Northeast Colorado Range
Northeast Colorado Range (vegetation consisting primarily of ring muhly,hairy grama, and sand sagebrush). Photo taken by Casey Matney.
With the exception of land currently being used for crops, most of northeast Colorado is range. Of the six major types of grassland in the United States, northeast Colorado is predominantly shortgrass prairie, with a hint of mixed grass prairie as you near the most eastern boundary of the state. Shortgrass prairie is considered to be the third most important range type in terms of livestock production, following the southern mixed prairie and northern mixed prairie. The mixed prairies include a number of species from both the tallgrass and shortgrass prairie regions. In the shortgrass prairie, the soils are mostly Mollisols, Entisols, and Vertisols. Annual rainfall is approximately 14 to 16 inches a year, coming mostly in the summer. There are many grass species found here. I have noted/collected over 90 different grass species since I began my work in the region in July of 2010. Some of the more common grass species in the area are blue grama, buffalograss, prairie sandreed, sand dropseed, needle-and-thread, little bluestem, sideoats grama, western wheatgrass, and switchgrass. Native shrubs include sand sagebrush, fourwing saltbush, and winterfat. Buffalo and pronghorn antelope were the predominant native herbivores, and today grazing continues to be the major force in the area, with much of the range being grazed by cattle. Ranching and livestock production are a major force in the economy, contributing greatly to the prosperity of the state.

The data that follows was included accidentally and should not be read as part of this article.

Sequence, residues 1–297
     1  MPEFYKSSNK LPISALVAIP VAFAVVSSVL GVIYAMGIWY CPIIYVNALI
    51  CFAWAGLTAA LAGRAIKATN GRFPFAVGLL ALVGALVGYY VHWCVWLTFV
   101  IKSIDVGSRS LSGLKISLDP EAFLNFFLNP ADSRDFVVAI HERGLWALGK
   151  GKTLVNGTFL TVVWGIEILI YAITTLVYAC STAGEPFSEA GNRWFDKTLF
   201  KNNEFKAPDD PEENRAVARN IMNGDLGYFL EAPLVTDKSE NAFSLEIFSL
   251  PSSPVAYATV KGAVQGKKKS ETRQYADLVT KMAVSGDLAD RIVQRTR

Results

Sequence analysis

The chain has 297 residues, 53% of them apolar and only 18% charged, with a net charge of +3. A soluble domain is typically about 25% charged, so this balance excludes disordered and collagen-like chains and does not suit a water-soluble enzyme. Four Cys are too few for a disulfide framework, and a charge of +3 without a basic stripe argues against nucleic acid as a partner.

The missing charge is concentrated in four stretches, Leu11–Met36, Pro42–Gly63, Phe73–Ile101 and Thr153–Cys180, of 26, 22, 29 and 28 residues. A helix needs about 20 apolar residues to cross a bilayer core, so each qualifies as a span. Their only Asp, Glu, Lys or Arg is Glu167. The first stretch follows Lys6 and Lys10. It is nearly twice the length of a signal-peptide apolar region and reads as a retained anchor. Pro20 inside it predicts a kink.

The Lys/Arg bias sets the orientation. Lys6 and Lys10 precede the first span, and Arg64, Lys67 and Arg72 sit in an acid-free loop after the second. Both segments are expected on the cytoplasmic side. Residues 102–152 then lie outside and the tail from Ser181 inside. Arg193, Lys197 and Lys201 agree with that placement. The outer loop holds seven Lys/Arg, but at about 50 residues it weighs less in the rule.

If you are interested in learning more about northeast Colorado range or have a question or comment, please do not hesitate to contact me. I will be adding content to this website as I compile it. I will be adding information, links, and tools that will be useful to land managers. My contact information is provided on the “Contact Me” link provided at the top of the page in case you would like to send me an email.